This exhibition gives a taste of the academic achievements of the professionals engaged in the exploration of the Carpathian Basin, an area that includes Hungary. In the first part of the foreground, the display cabinets contain objects depicting the earliest “writers of geography”, followed by the representatives of geography, a science of increasing significance in the 19th century (Lajos Lóczy, Jenő Cholnoky, Pál Teleki). The next generation of geographical exploration is shown in the hall Geographers and geologists, where social scientists are also commemorated. In the fourth hall the memories of early Hungarian cartography are on display, including old cartographical tools and devices. The last room commemorates the scientists of the greatest achievements in Hungarian cave research and spelunking, where an installation creates the atmosphere of a cave for the visitor. In the second half of the entrance corridor, a separate unit is devoted to the researchers of Transylvania.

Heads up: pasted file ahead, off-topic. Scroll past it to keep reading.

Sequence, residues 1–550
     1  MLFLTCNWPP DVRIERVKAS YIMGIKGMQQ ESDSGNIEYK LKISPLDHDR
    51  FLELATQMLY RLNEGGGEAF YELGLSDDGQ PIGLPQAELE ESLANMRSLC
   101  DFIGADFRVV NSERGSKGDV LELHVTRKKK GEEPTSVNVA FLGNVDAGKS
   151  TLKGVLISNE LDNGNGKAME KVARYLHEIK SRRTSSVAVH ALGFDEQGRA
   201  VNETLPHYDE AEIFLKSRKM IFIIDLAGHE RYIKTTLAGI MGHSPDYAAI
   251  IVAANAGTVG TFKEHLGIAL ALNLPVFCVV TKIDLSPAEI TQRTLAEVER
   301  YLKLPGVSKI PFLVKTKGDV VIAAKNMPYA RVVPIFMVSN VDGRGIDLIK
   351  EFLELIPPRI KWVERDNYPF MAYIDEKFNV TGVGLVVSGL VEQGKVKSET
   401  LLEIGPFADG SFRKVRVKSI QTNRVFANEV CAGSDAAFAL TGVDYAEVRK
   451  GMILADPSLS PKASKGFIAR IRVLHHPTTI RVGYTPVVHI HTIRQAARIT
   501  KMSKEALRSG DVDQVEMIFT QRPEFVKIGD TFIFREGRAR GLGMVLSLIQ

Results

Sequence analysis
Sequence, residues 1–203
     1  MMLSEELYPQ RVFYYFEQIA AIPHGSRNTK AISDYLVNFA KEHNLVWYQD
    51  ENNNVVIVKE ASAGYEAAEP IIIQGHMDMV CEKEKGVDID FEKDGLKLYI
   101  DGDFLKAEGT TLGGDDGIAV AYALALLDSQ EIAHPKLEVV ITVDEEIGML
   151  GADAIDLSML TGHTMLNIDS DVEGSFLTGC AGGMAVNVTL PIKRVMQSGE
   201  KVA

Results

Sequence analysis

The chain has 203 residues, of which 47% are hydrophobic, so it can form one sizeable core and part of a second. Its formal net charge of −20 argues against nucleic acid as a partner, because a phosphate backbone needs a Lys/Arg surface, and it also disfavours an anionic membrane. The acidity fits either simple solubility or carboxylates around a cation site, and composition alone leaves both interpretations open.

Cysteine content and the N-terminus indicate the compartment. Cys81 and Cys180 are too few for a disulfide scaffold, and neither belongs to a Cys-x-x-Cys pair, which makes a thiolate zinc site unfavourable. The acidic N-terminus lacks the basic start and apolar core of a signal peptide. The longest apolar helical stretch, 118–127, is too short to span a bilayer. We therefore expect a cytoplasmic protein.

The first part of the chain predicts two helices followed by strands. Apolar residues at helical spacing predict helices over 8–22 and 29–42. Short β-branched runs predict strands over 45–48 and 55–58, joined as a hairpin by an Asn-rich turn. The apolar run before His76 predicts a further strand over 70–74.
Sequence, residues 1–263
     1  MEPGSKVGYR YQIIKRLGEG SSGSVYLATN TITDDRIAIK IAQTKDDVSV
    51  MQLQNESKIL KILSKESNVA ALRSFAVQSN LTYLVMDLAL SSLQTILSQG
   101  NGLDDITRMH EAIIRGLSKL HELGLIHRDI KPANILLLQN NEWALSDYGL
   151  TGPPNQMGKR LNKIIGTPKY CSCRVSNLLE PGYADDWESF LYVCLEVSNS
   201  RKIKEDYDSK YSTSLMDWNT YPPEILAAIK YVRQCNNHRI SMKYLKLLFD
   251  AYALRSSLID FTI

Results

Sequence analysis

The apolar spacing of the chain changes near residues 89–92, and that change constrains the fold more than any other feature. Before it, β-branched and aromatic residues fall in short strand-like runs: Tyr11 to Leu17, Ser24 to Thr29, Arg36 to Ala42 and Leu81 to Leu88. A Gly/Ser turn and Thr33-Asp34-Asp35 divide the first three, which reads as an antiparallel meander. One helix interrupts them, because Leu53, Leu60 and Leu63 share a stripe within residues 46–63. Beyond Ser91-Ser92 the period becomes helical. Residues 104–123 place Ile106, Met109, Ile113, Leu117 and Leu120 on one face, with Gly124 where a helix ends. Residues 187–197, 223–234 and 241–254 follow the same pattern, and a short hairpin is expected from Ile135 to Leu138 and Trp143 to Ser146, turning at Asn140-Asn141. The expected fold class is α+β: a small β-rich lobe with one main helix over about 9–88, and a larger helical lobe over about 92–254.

3,276 Days Spent in Exploration; or a Re-reading of Dénes Balázs, Geographer and Museum Founder
Travelling round the world was a childhood dream of Dr Dénes Balázs. His dream certainly came true as he visited 130 countries on five continents. He disclosed the knowledge that he acquired during his journeys in 27 books and a number of articles. It was this renowned geographer who founded the Hungarian Geographical Museum, an achievement whose seminal idea came from Jenő Cholnoky and Pál Teleki. The exhibition entitled “3,276 Days Spent in Exploration; or a Re-reading of Dénes Balázs, Geographer and Museum Founder” is an homage to the founder of the Museum. The exhibition is like a “three dimensional manual” split into seven sections (the world of karst, deserts, jungles, the realm of ice and the world of volcanoes) which has something to offer to both geography lovers and the general public.